But then that’s about the only real success story with natural languages for me. When I was 20 or so, my girl-friend and I started taking evening classes in Italian. Evening classes invariably mean very slow progress, but I stuck with it for about two years. And oddly from the first day Italian felt familiar in a strange way no other language ever has. My only comparable experience was when I first took the tiller on a sailing boat and instantly felt everything made sense–the pressure of the wind on the sails and of the water on the hull and the deck under my feet all combined to a compelling conviction that I was born to do this. It was much like this with me and Italian. Years after we quit the evening classes I happened to spend a week in Tuscany with three colleagues and friends of colleagues who all were native Italian speakers. By then I hadn’t heard, read or spoken any Italian in a long time, but within 24 hours it had all come back to me. Unfortunately that’s 20 years ago now and I haven’t used my Italian even once in all that time, but I have no doubt it would come back to me again if the need arose. Just like you never unlearn riding a bike.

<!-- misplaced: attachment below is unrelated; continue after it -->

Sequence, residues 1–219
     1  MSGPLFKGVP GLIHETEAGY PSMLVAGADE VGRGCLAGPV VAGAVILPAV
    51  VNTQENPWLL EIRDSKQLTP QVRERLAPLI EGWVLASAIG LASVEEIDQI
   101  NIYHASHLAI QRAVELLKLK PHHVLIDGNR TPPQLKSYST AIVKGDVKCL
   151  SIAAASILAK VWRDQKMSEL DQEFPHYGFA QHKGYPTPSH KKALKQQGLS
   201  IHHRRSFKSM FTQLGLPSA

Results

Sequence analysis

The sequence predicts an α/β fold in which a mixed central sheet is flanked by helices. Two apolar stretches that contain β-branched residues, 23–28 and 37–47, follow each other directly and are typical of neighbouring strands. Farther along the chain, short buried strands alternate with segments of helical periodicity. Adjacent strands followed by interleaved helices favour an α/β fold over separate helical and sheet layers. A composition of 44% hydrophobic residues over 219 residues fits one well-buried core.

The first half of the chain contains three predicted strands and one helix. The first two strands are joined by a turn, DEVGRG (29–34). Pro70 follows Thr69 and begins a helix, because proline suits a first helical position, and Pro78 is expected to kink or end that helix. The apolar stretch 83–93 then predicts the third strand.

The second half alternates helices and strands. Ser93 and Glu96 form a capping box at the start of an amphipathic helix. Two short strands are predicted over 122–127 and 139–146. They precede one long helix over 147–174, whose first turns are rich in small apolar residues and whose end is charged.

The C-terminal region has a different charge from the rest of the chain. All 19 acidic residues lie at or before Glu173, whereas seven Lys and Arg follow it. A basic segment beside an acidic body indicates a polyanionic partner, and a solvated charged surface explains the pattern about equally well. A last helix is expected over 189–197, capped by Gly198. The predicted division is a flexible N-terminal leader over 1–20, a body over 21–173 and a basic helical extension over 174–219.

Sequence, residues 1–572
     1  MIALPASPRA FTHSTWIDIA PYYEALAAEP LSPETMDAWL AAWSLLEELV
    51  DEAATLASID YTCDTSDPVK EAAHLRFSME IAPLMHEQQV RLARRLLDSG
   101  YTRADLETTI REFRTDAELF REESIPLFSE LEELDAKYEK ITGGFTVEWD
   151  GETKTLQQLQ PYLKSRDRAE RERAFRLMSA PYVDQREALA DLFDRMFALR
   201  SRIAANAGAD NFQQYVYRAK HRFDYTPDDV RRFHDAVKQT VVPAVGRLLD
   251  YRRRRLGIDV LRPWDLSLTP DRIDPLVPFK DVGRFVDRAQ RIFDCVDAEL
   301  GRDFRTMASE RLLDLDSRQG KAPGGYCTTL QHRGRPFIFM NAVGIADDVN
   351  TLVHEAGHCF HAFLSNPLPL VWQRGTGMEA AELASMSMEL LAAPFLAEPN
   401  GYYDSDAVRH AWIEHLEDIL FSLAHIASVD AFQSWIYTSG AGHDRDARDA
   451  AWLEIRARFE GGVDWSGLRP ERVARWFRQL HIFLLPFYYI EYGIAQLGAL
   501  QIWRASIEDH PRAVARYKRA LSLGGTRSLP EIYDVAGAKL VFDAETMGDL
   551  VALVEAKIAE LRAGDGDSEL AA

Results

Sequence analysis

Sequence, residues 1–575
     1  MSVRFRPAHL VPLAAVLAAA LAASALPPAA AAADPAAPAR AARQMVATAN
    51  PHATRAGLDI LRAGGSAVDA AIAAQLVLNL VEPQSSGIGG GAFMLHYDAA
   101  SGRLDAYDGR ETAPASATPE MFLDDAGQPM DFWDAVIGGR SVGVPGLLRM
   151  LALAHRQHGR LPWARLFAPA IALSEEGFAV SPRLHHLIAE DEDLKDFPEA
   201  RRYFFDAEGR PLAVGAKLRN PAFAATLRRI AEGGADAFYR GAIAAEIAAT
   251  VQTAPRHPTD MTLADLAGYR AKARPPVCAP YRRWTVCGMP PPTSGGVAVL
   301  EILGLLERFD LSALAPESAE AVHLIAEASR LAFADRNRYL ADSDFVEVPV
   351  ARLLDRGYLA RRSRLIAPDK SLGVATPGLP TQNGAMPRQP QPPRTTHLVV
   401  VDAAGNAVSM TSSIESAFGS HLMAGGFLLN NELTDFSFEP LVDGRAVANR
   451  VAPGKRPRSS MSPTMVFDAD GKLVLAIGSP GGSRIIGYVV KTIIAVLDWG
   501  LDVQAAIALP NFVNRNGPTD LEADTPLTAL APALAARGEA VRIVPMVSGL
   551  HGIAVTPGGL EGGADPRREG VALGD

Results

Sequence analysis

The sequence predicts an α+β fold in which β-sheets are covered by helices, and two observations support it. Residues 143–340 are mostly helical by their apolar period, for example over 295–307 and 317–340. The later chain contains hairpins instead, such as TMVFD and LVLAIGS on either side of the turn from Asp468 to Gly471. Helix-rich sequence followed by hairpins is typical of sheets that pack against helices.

I have a love-hate relationship with French. It’s the language I have most often tried to learn properly, but I never quite succeeded. The first try was as a fourth language, an elective course in the 10th grade in high school. Our teacher was female, young, and pretty, in an all-male school, and we were 16. Inevitably the atmosphere was so loaded that actually learning French was the bottom-most of our priorities in that class. Successive tries over the next 20 years included a language school in Bern, Switzerland, a holiday crash course and a weekly evening course at the French consulate-general in Hamburg, and a self-organized group at work with a hired teacher who failed to actually show up about every other time. Somehow French every time stubbornly defied my attempts to master it. I have no problems with pronounciation, not even with those nasty nasals which sound quite the same to most people (unlike most Germans I also have no problems with the English ‘th’ sound), but I find French grammar utterly unintuitive, and I can never remember all those irregular verbs. The paradox is that my interest in French is anything but academic. My wife and I have been spending our summer vacations in France every year from 2006 to 2014, and we are serious Francophiles. But after all this time it’s still my wife doing the talking. I read French fluently, and often understand spoken French faster than my wife, but when I try to speak French I feel like a perfect idiot because I can’t form a proper sentence for the life of me. I don’t suppose this will ever change for at this stage it’s probably a psychological barrier first of all. Still, learning to speak proper French is right up there on top of my dreams for the rest of my days, together with being a granddad and flying an airplane.